A BBC poll commissioned with ABC News and Germany's ARD suggests that Afghans are increasingly confident about the future. The BBC has spoken to Afghans to get their reaction to the poll.
BAZ MOHAMMAD ARYUBMAL, TRANSLATOR, GARDEZ
The survey says that the people of Afghanistan are optimistic but we're not optimistic at all. We were hopeful in 2001 when we believed Afghanistan would prosper but with the civilian deaths and the corruption that followed, people have changed their minds.
The foreign forces bomb our villages and raid our houses at night. The West needs to remember that when one person is killed, there are many who mourn. People in Kabul are often mourning for their dead relatives from rural areas.
People are not just killed but imprisoned - I can promise you that most people held in US jails here have nothing to do with the Taliban. They are victims of conspiracies made up by people from their own villages.
In Afghanistan there are many private hostilities between families that go back a long way. Villagers use foreign forces to vindicate themselves of these and innocent Afghans end up in jail.
The people who should really be tried are the warlords who are now part of our government. The corruption is rife and nothing has changed in regards to drug trafficking, so people ask themselves why the government isn't doing anything to stop this.
The economy is doing well in urbanised areas but there are rural areas with high unemployment and where people are literally starving. People don't have food, don't have work and often they have friends or relatives who have suffered at the hands of foreign forces.
This is how young people turn to the Taliban - they get food and money, and they believe they're doing a good thing by fighting for freedom. We need to get rid of corruption and to adopt new strategies for this to change.
SULTAN MAHMOOD, FINANCE WORKER, MAZAR-E SHARIF
We have things now in Afghanistan that we couldn't even conceive of before. We have computers, universities and hospitals.
Of course we have our problems. Corruption is the biggest, we can see it in NGOs and in the government too. We're also seeing lots of civilian casualties, elderly people and children alike. Both the Taliban and the foreign troops kill our people. Our villages get bombed in the name of security and our people die.
A lot of money is spent on foreign troops. If half of that money was invested in the Afghan army, it would go very far. People respect Afghan troops more, they associate with them. Some of that money should also be spent in development projects, improving hospitals and roads.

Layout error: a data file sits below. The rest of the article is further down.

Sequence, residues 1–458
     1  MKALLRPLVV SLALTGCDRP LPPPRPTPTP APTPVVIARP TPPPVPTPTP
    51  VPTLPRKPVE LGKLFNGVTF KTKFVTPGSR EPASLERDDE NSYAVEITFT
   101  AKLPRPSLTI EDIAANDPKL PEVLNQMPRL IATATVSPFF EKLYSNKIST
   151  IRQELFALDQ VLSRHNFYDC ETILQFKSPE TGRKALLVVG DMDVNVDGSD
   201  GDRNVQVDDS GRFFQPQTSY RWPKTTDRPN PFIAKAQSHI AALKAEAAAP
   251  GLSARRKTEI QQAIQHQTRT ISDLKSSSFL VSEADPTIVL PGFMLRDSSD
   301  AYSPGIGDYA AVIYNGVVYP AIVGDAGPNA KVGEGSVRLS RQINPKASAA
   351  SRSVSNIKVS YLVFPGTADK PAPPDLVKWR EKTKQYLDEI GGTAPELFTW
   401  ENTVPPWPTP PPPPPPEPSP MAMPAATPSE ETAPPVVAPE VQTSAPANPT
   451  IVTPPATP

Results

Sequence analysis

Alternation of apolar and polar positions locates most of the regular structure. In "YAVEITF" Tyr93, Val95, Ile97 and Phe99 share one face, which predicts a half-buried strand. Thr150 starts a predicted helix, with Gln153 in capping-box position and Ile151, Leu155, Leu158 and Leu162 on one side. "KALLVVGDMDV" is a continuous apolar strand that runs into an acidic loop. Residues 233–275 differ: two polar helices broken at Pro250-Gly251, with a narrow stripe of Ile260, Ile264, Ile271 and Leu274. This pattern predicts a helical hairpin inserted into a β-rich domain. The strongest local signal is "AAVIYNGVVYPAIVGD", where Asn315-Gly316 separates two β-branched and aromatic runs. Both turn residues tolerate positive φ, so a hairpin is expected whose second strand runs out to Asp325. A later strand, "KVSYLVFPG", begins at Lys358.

But overall things are getting better. There are now lots of small industries growing in Mazar-e-Sharif and the economy is getting stronger. We've definitely progressed and I'm optimistic about the future.
MOHAMMAD LATIF, DOCTOR, KABUL
I'm surprised by the results of this survey because if you watch the media or go to certain parts of the country you see a very different picture. Every day people are killed. I think the survey must have been given a Western slant to promote Afghanistan and show Afghans that they are doing the right thing.
The recent elections were corrupt and many people don't want Dr Karzai in power. People are angry at the corruption and lack of security in the country.
While the economy is working well for the rich, the poor people are getting even poorer. At the start of the war in 2001, people had very different hopes for the country and supported the work the US were doing. They hoped it would end corruption and finish off the narcotics industry, and that it would bring safety and security to the country.
Since then, there has been more and more anger towards the troops because they are not delivering what was promised.
I don't think this reflects directly in favour of the Taliban because people who don't support the troops don't want the Taliban either, but it could make the Taliban more confident.
There are big problems ahead and that the Taliban will get stronger if the US doesn't change its policies. Barack Obama needs to start respecting the Afghan people and involving them in every decision.
MUMTAZ AHMAD, US DEVELOPMENT AGENCY, KABUL
Some of the realities we face on a daily basis are harsh but soon this will be a peaceful country. People are fed up and the Taliban is losing support, they're getting tired of fighting.
People want education and basic health care and they don't believe the Taliban would be able to give them this. There was a lot of misery here when they were in power.
Things have been hard. We were at war for years and it takes time to come out of that. Now things are getting better and the economy has improved dramatically.
I'm not surprised that many people in the survey didn't think democracy was the best form of governance for Afghanistan. There are lots of sensitivities here and we couldn't just adopt a Western style of democracy, we would have to create our own style.
We need to respect religion and people's traditions and we can't allow them to be made fun of.
But if we amalgamate Islamic values, traditions and what we've learned from our history to create our own style of democracy, it will work. We must not force Western values onto Afghanistan - we've got a complex setting here and we need to respect all its facets.